I got this question today but I can't see if there is any good way to solve it by hand.

Evaluate the definite integral


where the series in the numerator and denominator continue infinitely.

If you let $y=\sqrt{x+\sqrt{x+\sqrt{x+...}}}=\sqrt{x+y}$, solving for $y$ we get $y=\frac{1\pm\sqrt{1+4x}}{2}$. And similarly for the denominator we have $z=\sqrt{xz}$. So $z=x$. So the integral simplifies to


Now my problems are

  1. I don't know what to with the $\pm$.

  2. I tried to solve the integral by separating it as a sum of two fractions. But I can't solve $$\int_2^{12}\frac{\sqrt{1+4x}}{2x}\,\mathrm{d}x\,.$$

  • $\begingroup$ See also : math.stackexchange.com/questions/589288/… and math.stackexchange.com/questions/322690/… $\endgroup$ Nov 28, 2017 at 10:19
  • 2
    $\begingroup$ "1.I don't know what to with the $\pm$" Use that you know $x\geq 2$ to help you choose one of the solutions. $\endgroup$
    – Arthur
    Nov 28, 2017 at 10:21
  • 3
    $\begingroup$ "without a calculator..." First of all, a calculated value is not a mathematical solution. Second of all, maybe the calculator has an algebraic solver (like Macsyma). Is your real question "does the anti-derivative exist in closed form?" ? $\endgroup$ Nov 28, 2017 at 16:09
  • 1
    $\begingroup$ Note that your technique for simplifying the nested radicals only works if the expressions converge. When the expressions don't converge, it will still give you a value, but that value will be meaningless. Now, in this case, you can show that both sequences are increasing and bounded above, and so must converge. But in general, you should be very cautious with the "$y = f(x, y)$, so $y = f(x, f(x, f(x, ...)))$" concept. $\endgroup$ Nov 28, 2017 at 17:32
  • $\begingroup$ @CarlWitthoft I agree with you but I would have liked that better if it was an indefinite integral.;-) $\endgroup$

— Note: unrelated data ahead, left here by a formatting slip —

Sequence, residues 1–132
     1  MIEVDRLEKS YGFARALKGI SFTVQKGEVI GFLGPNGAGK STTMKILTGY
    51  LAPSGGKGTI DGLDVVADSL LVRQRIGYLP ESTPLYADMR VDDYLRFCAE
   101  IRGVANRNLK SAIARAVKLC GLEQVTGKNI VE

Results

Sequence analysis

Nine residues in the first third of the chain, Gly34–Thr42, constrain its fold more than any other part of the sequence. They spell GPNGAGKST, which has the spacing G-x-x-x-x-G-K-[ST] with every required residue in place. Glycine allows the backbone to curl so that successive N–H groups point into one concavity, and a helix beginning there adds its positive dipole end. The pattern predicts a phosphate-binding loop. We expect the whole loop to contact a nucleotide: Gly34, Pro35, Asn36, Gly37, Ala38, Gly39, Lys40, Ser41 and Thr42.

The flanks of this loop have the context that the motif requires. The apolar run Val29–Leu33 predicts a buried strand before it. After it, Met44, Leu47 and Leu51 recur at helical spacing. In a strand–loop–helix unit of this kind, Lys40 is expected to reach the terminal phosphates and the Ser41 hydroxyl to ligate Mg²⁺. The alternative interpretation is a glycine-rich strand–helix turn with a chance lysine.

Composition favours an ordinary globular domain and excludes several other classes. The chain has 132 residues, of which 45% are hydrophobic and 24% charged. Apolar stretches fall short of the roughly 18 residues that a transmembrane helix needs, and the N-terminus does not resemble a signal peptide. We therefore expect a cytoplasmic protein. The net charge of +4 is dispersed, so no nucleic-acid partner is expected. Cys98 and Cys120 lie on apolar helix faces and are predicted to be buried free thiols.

– Soham
    Nov 29, 2017 at 3:25

4 Answers 4


As you did, let $y=\sqrt{x+\sqrt{x+\sqrt{x+...}}}=\sqrt{x+y}$. Clearly $y\ge0$ and $y$ satisfies $$ y^2-y-x=0 $$ from which you have $$ y=\frac{1\pm\sqrt{4x+1}}{2}. $$ Since $x\in[2,12]$ and $y\ge0$, you must choose "$+$". Since if you choose "$-$", then $$ y=\frac{1-\sqrt{4x+1}}{2}<0. $$ Now, under $t=\sqrt{1+4x}$ \begin{eqnarray} &&\int_2^{12}\frac{\sqrt{x+\sqrt{x+\sqrt{x+...}}}}{\sqrt{x\sqrt{x\sqrt{x}...}}}dx\\ &=&\int_2^{12}\frac{1+\sqrt{1+4x}}{2x}dx\\ &=&\int_2^{12}\frac{1}{2x}dx+\int_2^{12}\frac{\sqrt{1+4x}}{2x}dx\\ &=&\frac12\ln x\bigg|_2^{12}+\int_3^7\frac{t^2}{t^2-1}dt\\ &=&\frac12\ln6+\bigg(t+\frac12\ln\frac{t-1}{t+1}\bigg)\bigg|_3^7\\ &=&\frac12\ln6+4+\frac12\ln\frac32\\ &=&\ln3+4. \end{eqnarray}

  • $\begingroup$ Can you explain your substitution of t in the second integral? $\endgroup$
    – Soham
    Nov 29, 2017 at 3:18
  • $\begingroup$ @tatan - if $t = \sqrt{1+4x}$, then $x = \frac{t^2 + 1}4$, so $dx = \frac t2 dt$. $\endgroup$ Nov 29, 2017 at 3:37
  • $\begingroup$ @PaulSinclair Thanks $\endgroup$
    – Soham
    Nov 29, 2017 at 3:43
  • $\begingroup$ correction: $x = \frac{t^2 -1}4$. $\endgroup$ Nov 29, 2017 at 3:44



For real $y,$ $\sqrt{y^2}=|y|\ge0$

and $\sqrt{1+4x}\ge3$ for $2\le x\le12\implies1-\sqrt{1+4x}<0$


Set $\sqrt{1+4x}=u\implies4x=u^2-1$


$ \int_2^{12}\frac{1\pm\sqrt{1+4x}}{2x}dx$

Now, notice that the limits are defined for positive values of x. Also,

$y=\frac{1\pm\sqrt{1+4x}}{2}<0$ if you consider the negative sign for $x>0$.

But, $y=\sqrt{x+\sqrt{x+\sqrt{x+...}}}>0$ since the square root of a number is always positive for it to be a function (otherwise, for only one value of $x$, there'll be two values of y i.e., multiple mapping into range for only one value in the domain).

So, $y>0$.

So, $I= \int_2^{12}\frac{1+\sqrt{1+4x}}{2x}dx$

Now, just substitute $4x+1=u^2$ (as mentioned in one of the above answers).

$\implies I=\int \frac{u}{u-1}du$ with appropriate limits


For 2. notice that


Now the second integral is pretty easy


for the first one instead


let $2\sqrt{x}=\sinh y$, so $x=\frac{\sinh^2 y}{4}$ and $dx=\frac{\cosh y \sinh y}{2}\ dy$. Hence

$$\int_{2}^{12}\frac{dx}{2x\sqrt{1+4x}}=\frac{1}{2}\int_{\sinh^{-1}{2\sqrt2}}^{\sinh^{-1}{4\sqrt3}}\frac{\frac{\cosh y \sinh y}{2}}{\frac{\sinh^2}{4} y\sqrt{1+\sinh^2 y}}dy=\int_{\sinh^{-1}{2\sqrt2}}^{\sinh^{-1}{4\sqrt3}}\frac{dy}{\sinh y}=$$


Now let $e^y=z$, so $e^y\ dy=dz$


where $\eta=e^{\sinh^{-1}{2\sqrt2}}$ and $\psi={e^{\sinh^{-1}{4\sqrt3}}}.$




$$\int_{2}^{12}\frac{\sqrt{1+4x}}{2x}dx==\ln \left|\frac{e^{\sinh^{-1}{2\sqrt{12}}}-1}{e^{\sinh^{-1}{2\sqrt{12}}}+1}\right|-\ln \left|\frac{e^{\sinh^{-1}{2\sqrt{2}}}-1}{e^{\sinh^{-1}{2\sqrt{2}}}+1}\right|+4.$$


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